Netanyahu: US Has No Moral Right to Block Israeli Strike on Iran

The Israeli Prime MInister is the one lacking moral foundations for a discretionary war

Israeli Prime Minister Benjamin Netanyahu on Tuesday said the United States has no moral right to object to an Israeli military strike on Iran because it has failed to threaten Iran with war for a nuclear weapons program that doesn’t exist.

Netanyahu’s statement seems to be not just a strategic quibble with the Obama administration, but a moral condemnation, at a time when the administration’s argument for holding off a preventive war seems to have won out.

“Those in the international community who refuse to put red lines before Iran don’t have a moral right to place a red light before Israel,” Netanyahu said.

The Obama administration has resisted pressure from Netanyahu and his cabinet to launch a war against Iran, arguing continued negotiations and harsh economic sanctions are the more effective way forward. Recent comments from the top US military official Gen. Martin Dempsey that America would not be “complicit” in an Israeli strike, as well as reports that Obama made the same comments in a secret letter to Iran, seemed to force the Israelis to tone down their war rhetoric.

Israeli leaders, notably Defense Minister Ehud Barak, last week appeared to give in to the US position, saying tough US postures may be eliminated the need to perform a unilateral strike.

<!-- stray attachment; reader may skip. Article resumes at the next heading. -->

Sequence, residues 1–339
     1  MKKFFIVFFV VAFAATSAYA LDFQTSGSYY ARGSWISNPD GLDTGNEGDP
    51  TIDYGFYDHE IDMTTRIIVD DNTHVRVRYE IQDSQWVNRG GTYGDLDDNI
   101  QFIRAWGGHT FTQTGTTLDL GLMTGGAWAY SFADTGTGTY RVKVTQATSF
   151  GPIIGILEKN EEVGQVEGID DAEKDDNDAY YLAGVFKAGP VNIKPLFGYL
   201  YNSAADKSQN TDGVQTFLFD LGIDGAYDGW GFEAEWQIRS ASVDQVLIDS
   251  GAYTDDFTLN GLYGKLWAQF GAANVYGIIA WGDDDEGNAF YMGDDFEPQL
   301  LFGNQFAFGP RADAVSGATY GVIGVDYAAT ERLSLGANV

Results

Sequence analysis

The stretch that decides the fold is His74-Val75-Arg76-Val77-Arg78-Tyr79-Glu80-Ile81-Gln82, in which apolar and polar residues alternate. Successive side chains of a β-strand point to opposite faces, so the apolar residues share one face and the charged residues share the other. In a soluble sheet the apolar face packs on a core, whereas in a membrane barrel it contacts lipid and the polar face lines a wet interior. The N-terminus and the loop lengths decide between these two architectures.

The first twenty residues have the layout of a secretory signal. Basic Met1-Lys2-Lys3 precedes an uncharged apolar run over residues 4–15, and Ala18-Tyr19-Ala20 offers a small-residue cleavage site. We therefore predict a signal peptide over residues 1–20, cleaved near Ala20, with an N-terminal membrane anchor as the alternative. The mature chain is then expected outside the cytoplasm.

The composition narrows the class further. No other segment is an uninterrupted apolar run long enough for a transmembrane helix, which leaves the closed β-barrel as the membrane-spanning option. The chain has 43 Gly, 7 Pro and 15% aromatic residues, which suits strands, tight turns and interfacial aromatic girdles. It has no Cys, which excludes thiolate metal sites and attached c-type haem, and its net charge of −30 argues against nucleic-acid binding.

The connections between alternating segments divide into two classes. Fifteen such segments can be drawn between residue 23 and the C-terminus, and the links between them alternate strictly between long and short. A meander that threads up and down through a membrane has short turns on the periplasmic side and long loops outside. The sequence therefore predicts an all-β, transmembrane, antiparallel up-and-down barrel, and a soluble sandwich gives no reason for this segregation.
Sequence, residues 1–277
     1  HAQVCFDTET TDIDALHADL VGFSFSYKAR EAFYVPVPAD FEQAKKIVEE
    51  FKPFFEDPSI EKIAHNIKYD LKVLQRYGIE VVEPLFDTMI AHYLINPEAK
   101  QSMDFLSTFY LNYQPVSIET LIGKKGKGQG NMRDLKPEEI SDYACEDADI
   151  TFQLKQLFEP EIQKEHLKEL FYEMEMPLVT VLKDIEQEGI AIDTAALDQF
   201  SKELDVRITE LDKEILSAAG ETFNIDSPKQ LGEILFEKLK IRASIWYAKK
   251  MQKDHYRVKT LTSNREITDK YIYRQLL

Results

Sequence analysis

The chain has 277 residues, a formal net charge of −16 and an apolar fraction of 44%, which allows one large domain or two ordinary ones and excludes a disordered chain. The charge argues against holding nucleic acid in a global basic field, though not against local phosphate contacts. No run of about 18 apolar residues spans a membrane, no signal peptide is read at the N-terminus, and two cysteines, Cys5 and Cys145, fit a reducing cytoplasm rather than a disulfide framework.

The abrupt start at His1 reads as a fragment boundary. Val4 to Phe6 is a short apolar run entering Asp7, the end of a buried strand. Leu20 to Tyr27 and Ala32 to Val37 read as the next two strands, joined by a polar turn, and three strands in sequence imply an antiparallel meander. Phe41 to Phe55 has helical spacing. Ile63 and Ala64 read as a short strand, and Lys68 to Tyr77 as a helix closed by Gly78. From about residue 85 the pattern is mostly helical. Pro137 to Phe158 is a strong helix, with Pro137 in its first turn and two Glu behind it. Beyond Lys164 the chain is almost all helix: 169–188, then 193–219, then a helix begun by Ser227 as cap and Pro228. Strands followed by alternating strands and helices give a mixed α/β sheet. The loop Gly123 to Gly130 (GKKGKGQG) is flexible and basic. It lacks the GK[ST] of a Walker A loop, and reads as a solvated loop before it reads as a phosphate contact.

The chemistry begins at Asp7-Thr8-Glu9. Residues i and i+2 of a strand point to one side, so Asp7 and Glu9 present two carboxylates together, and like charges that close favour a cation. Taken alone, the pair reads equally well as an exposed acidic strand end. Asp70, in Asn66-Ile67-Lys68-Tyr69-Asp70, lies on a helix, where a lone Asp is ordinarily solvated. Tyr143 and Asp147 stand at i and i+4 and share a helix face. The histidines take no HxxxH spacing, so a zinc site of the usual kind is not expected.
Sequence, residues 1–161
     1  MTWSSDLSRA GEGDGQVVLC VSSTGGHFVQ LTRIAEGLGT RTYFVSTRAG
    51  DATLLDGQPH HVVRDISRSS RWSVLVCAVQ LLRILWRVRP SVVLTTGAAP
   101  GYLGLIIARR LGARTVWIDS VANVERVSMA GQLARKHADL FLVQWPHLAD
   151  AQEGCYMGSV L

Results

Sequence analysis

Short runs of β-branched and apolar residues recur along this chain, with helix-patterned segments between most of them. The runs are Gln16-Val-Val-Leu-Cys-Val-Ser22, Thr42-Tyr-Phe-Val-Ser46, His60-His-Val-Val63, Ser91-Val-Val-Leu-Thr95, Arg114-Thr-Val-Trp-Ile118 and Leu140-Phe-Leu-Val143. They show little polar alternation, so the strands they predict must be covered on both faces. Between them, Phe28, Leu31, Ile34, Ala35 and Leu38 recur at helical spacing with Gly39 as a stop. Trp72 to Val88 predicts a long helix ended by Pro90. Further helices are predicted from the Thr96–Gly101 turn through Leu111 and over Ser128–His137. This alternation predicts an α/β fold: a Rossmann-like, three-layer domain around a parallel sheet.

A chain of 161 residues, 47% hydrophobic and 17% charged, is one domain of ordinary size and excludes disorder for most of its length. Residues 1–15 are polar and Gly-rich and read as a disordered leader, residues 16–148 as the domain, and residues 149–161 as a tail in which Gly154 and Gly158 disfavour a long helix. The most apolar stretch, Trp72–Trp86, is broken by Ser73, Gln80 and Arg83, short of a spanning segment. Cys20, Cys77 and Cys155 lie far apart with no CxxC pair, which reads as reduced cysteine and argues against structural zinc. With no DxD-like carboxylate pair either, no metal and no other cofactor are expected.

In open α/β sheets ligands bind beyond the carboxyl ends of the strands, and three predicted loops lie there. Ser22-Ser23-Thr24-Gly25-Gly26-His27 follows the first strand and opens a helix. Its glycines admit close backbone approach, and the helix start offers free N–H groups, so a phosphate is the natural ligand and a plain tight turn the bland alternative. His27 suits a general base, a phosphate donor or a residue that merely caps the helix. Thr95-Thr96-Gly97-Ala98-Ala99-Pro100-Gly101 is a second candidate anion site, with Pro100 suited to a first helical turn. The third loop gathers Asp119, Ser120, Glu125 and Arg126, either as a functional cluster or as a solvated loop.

The truth is, top military analysts in both the US and Israel agree that Israel doesn’t have the capability to wipe out Iran’s nuclear program, which intelligence has concluded is not being weaponized, on its own. So now that the US has expressed firmly that it won’t back an Israeli first strike, even many in Netanyahu’s cabinet have given in.

Secretary of State Hillary Clinton reiterated this week that it would not set deadlines for Iran, and that a military build-up in the region, coupled with sanctions and extensive talks are the way to go.

But Netanyahu is still whining publicly about the Obama administration’s opposition to a discretionary war on Iran. “The world tells Israel ‘wait, there’s still time’. And I say, ‘Wait for what? Wait until when?'” he added.

As far as having moral authority to oppose an Israeli strike, Netanyahu is no one to talk. Even his highest officials admit that Iran has not made the decision to build nuclear weapons and that even if it had nuclear weapons it wouldn’t commit national suicide by using them on Israel. Thus, there is no imminent threat and no moral or legal case for preemption.

Author: John Glaser

John Glaser writes for